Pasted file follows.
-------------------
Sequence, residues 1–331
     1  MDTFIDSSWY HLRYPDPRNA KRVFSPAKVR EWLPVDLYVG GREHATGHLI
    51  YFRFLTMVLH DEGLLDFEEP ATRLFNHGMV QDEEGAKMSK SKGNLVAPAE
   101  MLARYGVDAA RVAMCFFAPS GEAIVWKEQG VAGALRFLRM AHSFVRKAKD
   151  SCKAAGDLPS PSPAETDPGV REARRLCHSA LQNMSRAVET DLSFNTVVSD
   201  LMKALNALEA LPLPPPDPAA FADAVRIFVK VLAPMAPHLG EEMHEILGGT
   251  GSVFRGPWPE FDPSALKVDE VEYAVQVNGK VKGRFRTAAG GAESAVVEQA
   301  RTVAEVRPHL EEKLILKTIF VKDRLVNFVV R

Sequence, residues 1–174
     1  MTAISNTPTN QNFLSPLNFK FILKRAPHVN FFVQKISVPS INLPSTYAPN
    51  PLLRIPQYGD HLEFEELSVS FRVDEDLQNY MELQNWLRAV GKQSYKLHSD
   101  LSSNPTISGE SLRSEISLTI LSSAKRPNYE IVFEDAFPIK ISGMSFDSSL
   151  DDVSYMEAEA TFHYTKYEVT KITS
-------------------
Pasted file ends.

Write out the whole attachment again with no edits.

Sequence, residues 1–331
     1  MDTFIDSSWY HLRYPDPRNA KRVFSPAKVR EWLPVDLYVG GREHATGHLI
    51  YFRFLTMVLH DEGLLDFEEP ATRLFNHGMV QDEEGAKMSK SKGNLVAPAE
   101  MLARYGVDAA RVAMCFFAPS GEAIVWKEQG VAGALRFLRM AHSFVRKAKD
   151  SCKAAGDLPS PSPAETDPGV REARRLCHSA LQNMSRAVET DLSFNTVVSD
   201  LMKALNALEA LPLPPPDPAA FADAVRIFVK VLAPMAPHLG EEMHEILGGT
   251  GSVFRGPWPE FDPSALKVDE VEYAVQVNGK VKGRFRTAAG GAESAVVEQA
   301  RTVAEVRPHL EEKLILKTIF VKDRLVNFVV R

Sequence, residues 1–174
     1  MTAISNTPTN QNFLSPLNFK FILKRAPHVN FFVQKISVPS INLPSTYAPN
    51  PLLRIPQYGD HLEFEELSVS FRVDEDLQNY MELQNWLRAV GKQSYKLHSD
   101  LSSNPTISGE SLRSEISLTI LSSAKRPNYE IVFEDAFPIK ISGMSFDSSL
   151  DDVSYMEAEA TFHYTKYEVT KITS